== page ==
Bank reveals €350m worth of old Irish money has yet to be exchanged

Hundreds of millions of euros worth of old Irish money is still yet to be exchanged since the Irish state converted to euros eighteen years ago.

The Central Bank of Ireland has revealed that around €350 million of old Irish money known as the ‘punt’ remains to be unaccounted for since the country swapped currencies in 2002.

The bank stated that the sum comprises more than €224 million worth of punt banknotes and over €123 million in old Irish coins. One punt is worth around €1.27.

History of the punt

Old Irish money, or known as the punt shown here, is yet to be exchanged.
Credit: silentsleeper83 / Instagram

Following the formation of the Irish Free State in 1922, the south of Ireland introduced its own currency six years later in 1928 and was worth the same as the British sterling was at the time.

For the first half-century, the punt used the same system as the British sterling of £sd, translated into Irish as ‘punt’ for pound, ‘scilling’ for shilling, and ‘pingin’ for penny.

An exchange rate was introduced on the 30th of March 1979 and was the first time the link was broken between the Irish pound and the British pound.

Switch of currencies

When Ireland joined the Eurozone they changed from old Irish money to euro, plenty of punt are yet to be exchanged.

As members of the European Union (EU), Ireland joined the eurozone along with other European nations in 1999, but it was not until 2002 that the Irish state finally adopted the Euro currency, and the Euro became legal tender on the 9th of February 2002.

90% of the punt was switched to the Euro currency in the first year, which left around €463 million worth of old banknotes and coins remaining.

Convert to euro

Old Irish money was replaced with the European Euro, and there's 350 million is yet exchanged.

The Central Bank allows for people to convert any old punt currency that they have into euro at their headquarters on the North Wall Quay in Dublin. You must first visit the Central Bank website and fill in the relevant forms before sending these forms away with the respective punt notes or coins.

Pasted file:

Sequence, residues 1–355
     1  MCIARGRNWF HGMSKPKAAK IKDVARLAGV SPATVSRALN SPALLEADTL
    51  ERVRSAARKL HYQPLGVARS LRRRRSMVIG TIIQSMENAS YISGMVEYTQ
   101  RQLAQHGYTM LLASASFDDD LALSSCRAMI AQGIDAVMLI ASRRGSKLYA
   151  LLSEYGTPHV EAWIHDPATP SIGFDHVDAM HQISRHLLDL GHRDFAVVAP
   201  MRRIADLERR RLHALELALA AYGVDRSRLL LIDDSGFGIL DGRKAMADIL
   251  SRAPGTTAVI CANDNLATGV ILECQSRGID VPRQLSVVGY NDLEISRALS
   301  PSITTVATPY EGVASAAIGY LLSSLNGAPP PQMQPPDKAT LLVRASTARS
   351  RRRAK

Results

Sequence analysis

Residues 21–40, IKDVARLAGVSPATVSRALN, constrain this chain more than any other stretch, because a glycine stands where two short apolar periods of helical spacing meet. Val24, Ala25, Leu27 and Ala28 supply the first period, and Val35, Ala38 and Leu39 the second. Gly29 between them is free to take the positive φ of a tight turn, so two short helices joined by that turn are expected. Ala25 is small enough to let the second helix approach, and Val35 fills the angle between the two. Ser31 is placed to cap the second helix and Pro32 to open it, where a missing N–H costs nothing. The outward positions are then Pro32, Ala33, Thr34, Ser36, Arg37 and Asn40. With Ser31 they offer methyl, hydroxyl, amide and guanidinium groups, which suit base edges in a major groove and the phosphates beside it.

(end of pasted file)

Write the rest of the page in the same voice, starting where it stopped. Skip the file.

This does not come in the form of a direct exchange. Instead, the Bank will provide a Euro transfer to the bank account that the consumer lists on the form they must fill in when exchanging the old Irish money.

The Central Bank is required by law to make provision for the possibility that all of the remaining €350 million worth of punt will be returned for exchange. The old notes returned are shredded and recycled, while the coins are melted down for reuse. 

Remaining old Irish money may never be exchanged

The Central Bank of Ireland is where you bring the your old Irish money yet to be exchanged.
Credit: @centralbank_ie / Twitter

The value of punts redeemed has been on a gradual decrease from 2014, when €1.8 million worth of punt was redeemed. In 2019, the amount redeemed amounted to €0.8 million, as of the 18th of December 2019.

While the remaining punt is worth a significant amount in Euros, the Central Bank is pessimistic and believes that the majority of the old Irish money will be left unaccounted for and not be exchanged.

In the first decade following the switch of currencies, around 150 people a week visited the Central Bank to convert their old Irish money, but the numbers doing so now sits at a negligible amount.

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